Skipping Your Sister's Wedding, Buying Your Own Birthday Presents, and Other Questionable Advice

Welcome to Thatz Not Okay, a regular column in which I school inquiring readers on what is and is not okay. Please send your questions to caity.weaver@gawker.com with the subject "Thatz Not Okay."

I am from a conservative family, in a conservative area of the country and I am gay. No one in my family is openly hostile to me, however my sister has been the most critical. We have a relationship that can be described as cordial but she never really acknowledges that aspect of my life. She has two children and hasn't decided how she is going to explain my life to them, maybe because she hasn't come to terms with it herself.

Within the past year, she has reconnected with her former high school sweetheart, divorced her husband, and announced her engagement and wedding date to her new/old flame. She called me to invite me to the wedding and told me she really wanted me to be there. I have been dating someone for about 10 months and by the time of the wedding it will be about a year so it's not just a one night stand (this time). My sister didn't mention anything about my boyfriend, of whom she has to at least have working knowledge by now. I'm considering telling her that I won't come to her wedding if my boyfriend isn't invited. Is that okay?

Thatz okay. But you have to give your sister a chance to invite your boyfriend before getting yourself all psyched up to skip the wedding.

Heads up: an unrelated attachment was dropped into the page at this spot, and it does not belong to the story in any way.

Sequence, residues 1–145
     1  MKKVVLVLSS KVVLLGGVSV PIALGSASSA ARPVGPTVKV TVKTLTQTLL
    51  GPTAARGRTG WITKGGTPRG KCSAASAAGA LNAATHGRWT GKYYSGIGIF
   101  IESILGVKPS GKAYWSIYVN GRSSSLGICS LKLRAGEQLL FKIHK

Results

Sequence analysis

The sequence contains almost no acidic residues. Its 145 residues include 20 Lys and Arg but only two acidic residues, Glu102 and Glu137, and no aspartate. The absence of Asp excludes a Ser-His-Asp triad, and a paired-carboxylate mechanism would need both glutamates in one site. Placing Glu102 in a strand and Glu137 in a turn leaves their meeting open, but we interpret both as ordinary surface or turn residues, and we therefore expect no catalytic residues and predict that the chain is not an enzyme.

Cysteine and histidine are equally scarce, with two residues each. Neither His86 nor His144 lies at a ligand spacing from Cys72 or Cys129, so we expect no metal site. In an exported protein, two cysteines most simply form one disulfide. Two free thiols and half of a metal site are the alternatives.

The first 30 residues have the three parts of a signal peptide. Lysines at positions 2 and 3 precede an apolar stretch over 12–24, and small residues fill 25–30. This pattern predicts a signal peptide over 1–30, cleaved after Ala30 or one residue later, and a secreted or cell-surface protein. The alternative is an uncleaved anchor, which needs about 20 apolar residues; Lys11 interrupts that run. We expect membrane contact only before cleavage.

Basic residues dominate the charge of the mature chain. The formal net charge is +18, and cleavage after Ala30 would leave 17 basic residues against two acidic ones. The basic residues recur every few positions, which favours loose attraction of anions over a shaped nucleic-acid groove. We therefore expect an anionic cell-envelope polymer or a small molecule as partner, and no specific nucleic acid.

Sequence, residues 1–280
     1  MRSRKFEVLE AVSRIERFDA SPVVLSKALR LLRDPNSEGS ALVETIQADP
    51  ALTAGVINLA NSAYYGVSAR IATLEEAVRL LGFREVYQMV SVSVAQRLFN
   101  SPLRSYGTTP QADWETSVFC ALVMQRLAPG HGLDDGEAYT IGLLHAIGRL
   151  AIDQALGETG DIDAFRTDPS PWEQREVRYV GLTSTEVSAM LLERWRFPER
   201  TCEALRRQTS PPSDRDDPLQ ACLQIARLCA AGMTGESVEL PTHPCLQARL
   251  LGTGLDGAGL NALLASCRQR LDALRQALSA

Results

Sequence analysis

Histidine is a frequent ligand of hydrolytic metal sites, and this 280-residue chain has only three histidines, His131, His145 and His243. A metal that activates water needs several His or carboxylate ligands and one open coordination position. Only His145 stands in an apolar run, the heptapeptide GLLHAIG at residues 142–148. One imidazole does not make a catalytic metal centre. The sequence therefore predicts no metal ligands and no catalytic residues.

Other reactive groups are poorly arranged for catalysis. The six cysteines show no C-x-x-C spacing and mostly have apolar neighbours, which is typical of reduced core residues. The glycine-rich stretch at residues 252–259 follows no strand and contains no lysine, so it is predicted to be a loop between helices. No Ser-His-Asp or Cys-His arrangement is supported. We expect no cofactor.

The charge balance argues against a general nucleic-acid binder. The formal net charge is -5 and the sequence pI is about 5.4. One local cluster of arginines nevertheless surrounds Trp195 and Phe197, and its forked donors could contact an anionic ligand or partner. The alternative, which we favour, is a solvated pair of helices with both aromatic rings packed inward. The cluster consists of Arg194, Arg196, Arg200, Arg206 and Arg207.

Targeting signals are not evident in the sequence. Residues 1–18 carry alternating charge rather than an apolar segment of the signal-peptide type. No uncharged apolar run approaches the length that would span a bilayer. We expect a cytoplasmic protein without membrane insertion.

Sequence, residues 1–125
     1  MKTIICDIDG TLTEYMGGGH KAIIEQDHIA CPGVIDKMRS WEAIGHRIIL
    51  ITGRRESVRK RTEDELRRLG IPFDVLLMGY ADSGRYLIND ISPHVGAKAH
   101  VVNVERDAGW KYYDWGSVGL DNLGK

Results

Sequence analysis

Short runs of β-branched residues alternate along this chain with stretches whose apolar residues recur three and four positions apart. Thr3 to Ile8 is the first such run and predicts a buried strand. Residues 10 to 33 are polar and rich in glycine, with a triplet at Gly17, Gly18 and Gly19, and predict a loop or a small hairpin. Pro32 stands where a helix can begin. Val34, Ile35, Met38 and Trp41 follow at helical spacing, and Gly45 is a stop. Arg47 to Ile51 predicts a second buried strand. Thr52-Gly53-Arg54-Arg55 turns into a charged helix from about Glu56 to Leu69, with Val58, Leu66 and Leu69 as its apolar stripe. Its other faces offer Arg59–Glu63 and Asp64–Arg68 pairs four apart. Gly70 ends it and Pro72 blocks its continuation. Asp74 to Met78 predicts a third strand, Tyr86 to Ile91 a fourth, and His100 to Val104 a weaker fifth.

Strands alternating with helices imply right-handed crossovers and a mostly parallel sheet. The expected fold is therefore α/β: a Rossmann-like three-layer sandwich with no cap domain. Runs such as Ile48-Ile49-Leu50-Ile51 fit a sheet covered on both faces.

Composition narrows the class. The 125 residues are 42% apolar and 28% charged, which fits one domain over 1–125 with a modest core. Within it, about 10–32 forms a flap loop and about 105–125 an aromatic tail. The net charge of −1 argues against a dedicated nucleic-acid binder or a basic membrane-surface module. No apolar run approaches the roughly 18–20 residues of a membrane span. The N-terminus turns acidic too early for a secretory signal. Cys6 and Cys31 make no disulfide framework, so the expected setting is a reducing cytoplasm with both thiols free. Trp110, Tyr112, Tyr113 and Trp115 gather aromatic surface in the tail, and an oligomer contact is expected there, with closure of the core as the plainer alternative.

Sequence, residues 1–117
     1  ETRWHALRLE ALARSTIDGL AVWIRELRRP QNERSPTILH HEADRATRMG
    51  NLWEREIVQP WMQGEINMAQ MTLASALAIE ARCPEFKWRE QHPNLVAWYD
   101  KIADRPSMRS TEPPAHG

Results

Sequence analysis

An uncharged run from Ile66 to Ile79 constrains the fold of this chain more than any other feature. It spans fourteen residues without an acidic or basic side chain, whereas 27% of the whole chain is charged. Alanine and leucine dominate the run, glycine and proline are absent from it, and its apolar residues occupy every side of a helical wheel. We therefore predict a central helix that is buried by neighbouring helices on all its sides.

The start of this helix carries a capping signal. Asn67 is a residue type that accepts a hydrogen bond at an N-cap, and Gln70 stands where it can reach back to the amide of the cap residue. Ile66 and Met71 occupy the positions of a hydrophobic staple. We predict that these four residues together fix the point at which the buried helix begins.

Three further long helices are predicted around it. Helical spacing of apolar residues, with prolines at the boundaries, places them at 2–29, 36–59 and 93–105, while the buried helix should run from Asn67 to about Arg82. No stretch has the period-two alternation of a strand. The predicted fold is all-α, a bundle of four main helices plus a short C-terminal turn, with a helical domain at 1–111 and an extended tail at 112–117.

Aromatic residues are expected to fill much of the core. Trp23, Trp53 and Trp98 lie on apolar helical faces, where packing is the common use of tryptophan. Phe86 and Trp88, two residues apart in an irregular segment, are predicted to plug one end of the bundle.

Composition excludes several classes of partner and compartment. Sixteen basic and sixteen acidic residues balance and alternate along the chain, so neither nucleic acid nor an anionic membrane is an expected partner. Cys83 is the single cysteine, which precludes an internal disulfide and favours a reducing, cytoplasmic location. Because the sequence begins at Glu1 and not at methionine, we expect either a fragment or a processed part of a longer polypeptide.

You say that when your sister invited you over the phone, she didn't acknowledge your boyfriend, but reason that she must have at least "a working knowledge" of him. From this, I take it you have never spoken directly to your sister about him. Mightn't it have been a little weird for her to say, when inviting you, "Oh, and I heard around town a while ago that you were seeing someone. I don't know if you still are, but bring him if you want – what's his name by the way?"

My advice is to phone her back — email, if you're worried that the conversation will devolve into an emotional fight. Explain that you'll have been seeing this great guy for about a year by the time the wedding rolls around, and you'd love for her to finally meet him. See what she says. (If she argues that she doesn't know how she'd explain his presence to the kids, she can always go with the classic "friend," used by unmarried people everywhere. Chances are her kids will not be very interested in the person their uncle brought to the wedding, anyway. Tell your boyfriend not to wear anything kids would find cool like a Spongebob costume or the skin of Selena Gomez.)

If your sister flat-out refuses to allow you to bring your partner of one year, it's perfectly fine to skip the wedding, if you want to. If you want to be catty about it, you can point out that you've already attended one of her weddings – to the man she dumped for her high school sweetheart. (Is her "something old" her new husband? Is her "something blue" the mood of the husband she abandoned? Something borrowed will probably be earrings.)

Furthermore, if your sister does deny your boyfriend-bringing request, you can take comfort in the fact that you aren't putting the man you love in an awkward situation in which his presence is regarded as a terrible but necessary burden; a concession in a negotiation with homosexual terrorists. Take the money you save by not traveling to the wedding and buy something gay with it.

Note: If your sister is keeping her ceremony very small, it's understandable she might not want someone there she's never met before. If other people are bringing dates, however, that excuse goes out the window.